Match

Why medical students aren't matching--and what happens next?

More than 250 of this year’s graduating seniors from U.S. allopathic schools did not match to a residency position, which has medical educators troubled amid growing concerns of a physician shortage. During a discussion at the 2015 AMA Annual Meeting, experts examined where these unmatched students are going and strategies for making sure they get to use their MDs.

According to the Association of American Medical Colleges (AAMC), the top seven reasons this year’s seniors failed to match were:

  1. Had low scores on a United States Medical Licensing Exam (USMLE)
  2. Weren’t competitive for their first choice specialty
  3. Didn’t have an appropriate backup/alternative plan
  4. Didn’t follow guidance from their faculty adviser or dean’s office
  5. Had poor interviewing/interpersonal skills
  6. Did not rank enough programs
  7. Failed a USMLE exam

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Of these unmatched students, nearly one-half had been discussed in promotions committees at their schools, indicating they had performance problems, said Geoffrey Young, senior director of student affairs and programs at AAMC.

“The issue becomes, ‘How do you counsel students to think more realistically [about their options]?’” Young said.

AAMC data show most students who don’t match either re-enter the Match the following year or continue to seek a residency position. Others re-enter with a different specialty or take a research year.

Schools should explore how to better advise and counsel students for the Match, Young said. They also may need to re-examine their promotions standards, which may be a tough discussion.

“At some point, you need to help a student make an exit plan [from medical school],” he said.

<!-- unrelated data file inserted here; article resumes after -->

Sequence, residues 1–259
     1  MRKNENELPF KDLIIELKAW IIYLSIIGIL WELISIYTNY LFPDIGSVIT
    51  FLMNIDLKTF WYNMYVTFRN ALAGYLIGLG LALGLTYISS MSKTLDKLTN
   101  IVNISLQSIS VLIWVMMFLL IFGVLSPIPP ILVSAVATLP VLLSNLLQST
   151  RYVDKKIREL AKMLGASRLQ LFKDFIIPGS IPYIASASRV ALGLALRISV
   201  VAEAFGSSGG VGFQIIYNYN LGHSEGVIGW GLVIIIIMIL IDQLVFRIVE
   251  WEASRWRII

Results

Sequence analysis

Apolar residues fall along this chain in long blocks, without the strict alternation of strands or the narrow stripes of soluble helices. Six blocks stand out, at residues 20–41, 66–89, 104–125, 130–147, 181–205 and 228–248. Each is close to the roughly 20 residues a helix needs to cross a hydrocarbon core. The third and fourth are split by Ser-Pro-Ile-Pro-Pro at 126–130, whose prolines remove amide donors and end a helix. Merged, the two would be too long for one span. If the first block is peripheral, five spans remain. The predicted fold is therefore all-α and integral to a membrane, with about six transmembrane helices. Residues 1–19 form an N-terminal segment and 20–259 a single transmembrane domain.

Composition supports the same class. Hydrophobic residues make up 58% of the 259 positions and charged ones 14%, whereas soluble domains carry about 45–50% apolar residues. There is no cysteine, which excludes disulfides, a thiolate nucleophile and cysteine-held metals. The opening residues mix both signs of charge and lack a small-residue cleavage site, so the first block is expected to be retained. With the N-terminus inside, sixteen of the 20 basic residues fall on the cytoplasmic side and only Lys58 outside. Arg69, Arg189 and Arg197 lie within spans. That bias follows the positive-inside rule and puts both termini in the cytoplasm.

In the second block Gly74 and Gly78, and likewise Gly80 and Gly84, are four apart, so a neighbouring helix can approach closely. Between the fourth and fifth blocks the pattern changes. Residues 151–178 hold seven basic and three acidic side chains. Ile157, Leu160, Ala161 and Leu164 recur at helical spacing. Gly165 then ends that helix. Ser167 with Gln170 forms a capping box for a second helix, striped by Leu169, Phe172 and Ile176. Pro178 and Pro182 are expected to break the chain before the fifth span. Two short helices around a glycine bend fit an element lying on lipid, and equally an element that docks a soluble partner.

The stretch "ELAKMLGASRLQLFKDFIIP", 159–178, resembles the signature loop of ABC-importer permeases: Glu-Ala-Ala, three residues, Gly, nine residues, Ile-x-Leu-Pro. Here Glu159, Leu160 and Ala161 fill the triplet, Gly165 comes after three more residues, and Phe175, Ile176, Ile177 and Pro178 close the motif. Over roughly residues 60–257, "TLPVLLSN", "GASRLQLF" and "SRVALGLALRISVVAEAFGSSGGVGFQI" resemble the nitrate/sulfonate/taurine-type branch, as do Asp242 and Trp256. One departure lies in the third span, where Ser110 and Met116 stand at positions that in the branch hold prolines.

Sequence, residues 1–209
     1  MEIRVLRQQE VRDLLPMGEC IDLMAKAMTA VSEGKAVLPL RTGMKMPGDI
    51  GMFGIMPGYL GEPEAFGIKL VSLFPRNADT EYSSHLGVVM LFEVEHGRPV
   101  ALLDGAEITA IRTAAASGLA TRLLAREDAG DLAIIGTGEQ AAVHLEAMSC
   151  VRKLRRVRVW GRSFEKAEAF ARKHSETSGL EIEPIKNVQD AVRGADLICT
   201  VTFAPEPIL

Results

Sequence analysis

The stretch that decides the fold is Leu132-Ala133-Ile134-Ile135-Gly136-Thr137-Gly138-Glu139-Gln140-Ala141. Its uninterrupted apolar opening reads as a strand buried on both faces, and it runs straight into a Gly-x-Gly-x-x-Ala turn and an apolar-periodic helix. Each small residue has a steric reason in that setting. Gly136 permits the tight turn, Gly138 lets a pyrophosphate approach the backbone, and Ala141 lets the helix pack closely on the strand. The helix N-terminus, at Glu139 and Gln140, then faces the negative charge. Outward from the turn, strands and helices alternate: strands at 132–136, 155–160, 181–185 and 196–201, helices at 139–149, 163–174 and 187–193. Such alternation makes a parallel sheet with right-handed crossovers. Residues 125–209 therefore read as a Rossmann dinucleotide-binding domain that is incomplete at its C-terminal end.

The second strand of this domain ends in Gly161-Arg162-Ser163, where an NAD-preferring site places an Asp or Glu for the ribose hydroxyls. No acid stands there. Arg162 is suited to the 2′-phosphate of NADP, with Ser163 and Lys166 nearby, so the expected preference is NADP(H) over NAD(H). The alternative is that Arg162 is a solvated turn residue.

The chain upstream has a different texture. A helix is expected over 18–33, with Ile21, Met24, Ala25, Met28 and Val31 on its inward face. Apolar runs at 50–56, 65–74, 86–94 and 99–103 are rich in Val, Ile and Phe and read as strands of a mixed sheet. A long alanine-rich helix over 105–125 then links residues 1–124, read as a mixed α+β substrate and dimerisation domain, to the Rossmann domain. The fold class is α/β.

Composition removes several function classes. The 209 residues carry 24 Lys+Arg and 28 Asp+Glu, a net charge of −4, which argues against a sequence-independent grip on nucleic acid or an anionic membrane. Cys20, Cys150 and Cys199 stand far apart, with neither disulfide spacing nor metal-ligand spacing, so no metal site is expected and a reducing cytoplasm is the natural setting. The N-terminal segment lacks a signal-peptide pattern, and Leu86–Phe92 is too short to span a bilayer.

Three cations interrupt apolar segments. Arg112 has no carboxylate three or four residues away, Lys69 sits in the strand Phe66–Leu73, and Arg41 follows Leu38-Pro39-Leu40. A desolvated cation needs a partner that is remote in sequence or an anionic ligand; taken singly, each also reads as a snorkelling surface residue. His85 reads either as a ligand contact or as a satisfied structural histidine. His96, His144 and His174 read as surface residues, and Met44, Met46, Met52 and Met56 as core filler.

But it’s important to remember how each of the 254 students who didn’t match this year felt when they got the news, said Kathleen Kashima, senior associate dean of students at the University of Illinois College of Medicine.

How one school is taking action

When a student has trained for years to be a physician, then sees a message on Match Day that says, “We are sorry, you did not match to any position,” they feel shocked, embarrassed and betrayed, Kashima said.

“They think, ‘Is my career over?’” she said.

Kashima’s institution decided to take action and ensure its students were as prepared as possible to match. To start, the dean of the University of Illinois College of Medicine started a residency preparedness initiative.

Part of the initiative is a course all medical students must take on career development, which requires them to develop a strategic plan for the Match or alternate career paths.

The school also started a loan assistance program. If a student graduates with medical school debt, has participated in the residency preparedness initiative and hasn’t secured a residency position through the Match, the college will assume the interest of the student’s medical school loans for up to one year.

These two initiatives demonstrate how committed the school is to ensuring its students go on to become physicians, Kashima said.